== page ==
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TU Dresden » Faculty of Mechanical Science and Engineering » Institute for Materials Science » Chair of Materials Science and Nanotechnology



Thursday, 06 November 2008
(at 16:40 in room main lecture hall of Leibniz Institute of Polymer Research Dresden)
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Tin phthalocyanine on Ag(111): A molecular switch

Jörg Kröger

Institute for Experimental and Applied Physics
Christian-Albrechts-Universität zu Kiel
  Germany  






Molecular switches on surfaces are intensely investigated because they may provide potential components in molecule-based functional devices. For applications such as data storage on a single molecule level it will be useful to switch a single molecule reversibly in densely packed arrays. External stimuli like light, temperature and electric fields have been used in the past to induce conformational changes but do not provide single molecule selectivity. The current injected from a scanning tunnelling microscope tip is spatially localized to sub-molecular dimensions. Nevertheless, lateral electron transport at metal surfaces appears to prevent addressing of a single molecule in a layer. We use a molecular spacer to suppress this non-local effect and to increase the lifetime of electronic excitations. Single molecule switching is demonstrated in self-assembled layers utilizing the vertical motion of a central ion of a phthalocyanine derivate, thereby eliminating the need for lateral free space within the layer. Switching is achieved via hole or electron attachment. The bistable states of this switch can be clearly discriminated in scanning tunnelling microscopy images and by their high on/off conductance ratio. Using density functional calculations the efficiency of the switching process is interpreted in terms of resonant electron tunnelling to molecular orbitals.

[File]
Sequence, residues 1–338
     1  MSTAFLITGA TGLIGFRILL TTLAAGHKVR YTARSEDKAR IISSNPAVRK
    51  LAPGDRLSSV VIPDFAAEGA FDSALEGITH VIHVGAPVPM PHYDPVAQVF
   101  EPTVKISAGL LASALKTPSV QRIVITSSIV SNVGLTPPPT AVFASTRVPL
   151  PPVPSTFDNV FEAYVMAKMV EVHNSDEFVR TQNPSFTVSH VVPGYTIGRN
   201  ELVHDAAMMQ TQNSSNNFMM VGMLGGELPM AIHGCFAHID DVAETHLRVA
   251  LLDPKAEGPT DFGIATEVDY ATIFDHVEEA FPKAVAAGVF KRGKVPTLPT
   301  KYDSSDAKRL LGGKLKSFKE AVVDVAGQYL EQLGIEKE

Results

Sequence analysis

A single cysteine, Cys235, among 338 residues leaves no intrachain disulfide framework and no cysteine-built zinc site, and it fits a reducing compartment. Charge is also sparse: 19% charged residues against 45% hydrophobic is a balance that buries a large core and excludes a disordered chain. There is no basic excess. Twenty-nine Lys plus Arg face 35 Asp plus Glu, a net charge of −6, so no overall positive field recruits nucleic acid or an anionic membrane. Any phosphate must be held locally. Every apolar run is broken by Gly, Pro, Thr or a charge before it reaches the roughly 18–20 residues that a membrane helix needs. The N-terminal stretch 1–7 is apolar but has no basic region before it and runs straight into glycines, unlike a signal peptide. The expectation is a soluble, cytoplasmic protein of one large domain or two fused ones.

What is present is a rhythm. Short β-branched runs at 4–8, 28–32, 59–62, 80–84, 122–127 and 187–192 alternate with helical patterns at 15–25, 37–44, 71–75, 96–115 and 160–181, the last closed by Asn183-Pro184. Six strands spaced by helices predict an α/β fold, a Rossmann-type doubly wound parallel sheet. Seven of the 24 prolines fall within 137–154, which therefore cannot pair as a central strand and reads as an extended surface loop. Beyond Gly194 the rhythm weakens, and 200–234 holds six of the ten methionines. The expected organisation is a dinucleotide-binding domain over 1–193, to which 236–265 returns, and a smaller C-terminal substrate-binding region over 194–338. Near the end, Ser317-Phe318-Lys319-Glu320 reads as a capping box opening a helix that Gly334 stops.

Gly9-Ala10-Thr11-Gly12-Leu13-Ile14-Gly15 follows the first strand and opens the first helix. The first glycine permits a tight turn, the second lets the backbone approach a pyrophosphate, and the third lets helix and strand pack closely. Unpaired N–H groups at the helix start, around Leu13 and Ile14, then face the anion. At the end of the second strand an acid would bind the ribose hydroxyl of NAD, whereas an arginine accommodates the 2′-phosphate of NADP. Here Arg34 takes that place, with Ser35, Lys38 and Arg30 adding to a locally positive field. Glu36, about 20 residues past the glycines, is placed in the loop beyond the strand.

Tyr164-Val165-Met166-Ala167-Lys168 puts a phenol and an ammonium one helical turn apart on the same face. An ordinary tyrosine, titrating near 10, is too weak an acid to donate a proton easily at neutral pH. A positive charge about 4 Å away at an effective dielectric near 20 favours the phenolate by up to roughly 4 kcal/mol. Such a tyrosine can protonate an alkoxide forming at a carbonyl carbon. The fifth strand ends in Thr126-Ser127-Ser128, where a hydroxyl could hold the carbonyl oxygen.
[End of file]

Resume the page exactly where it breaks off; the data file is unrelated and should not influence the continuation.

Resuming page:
slides (pdf)

last modified: 2018.10.24 Mi
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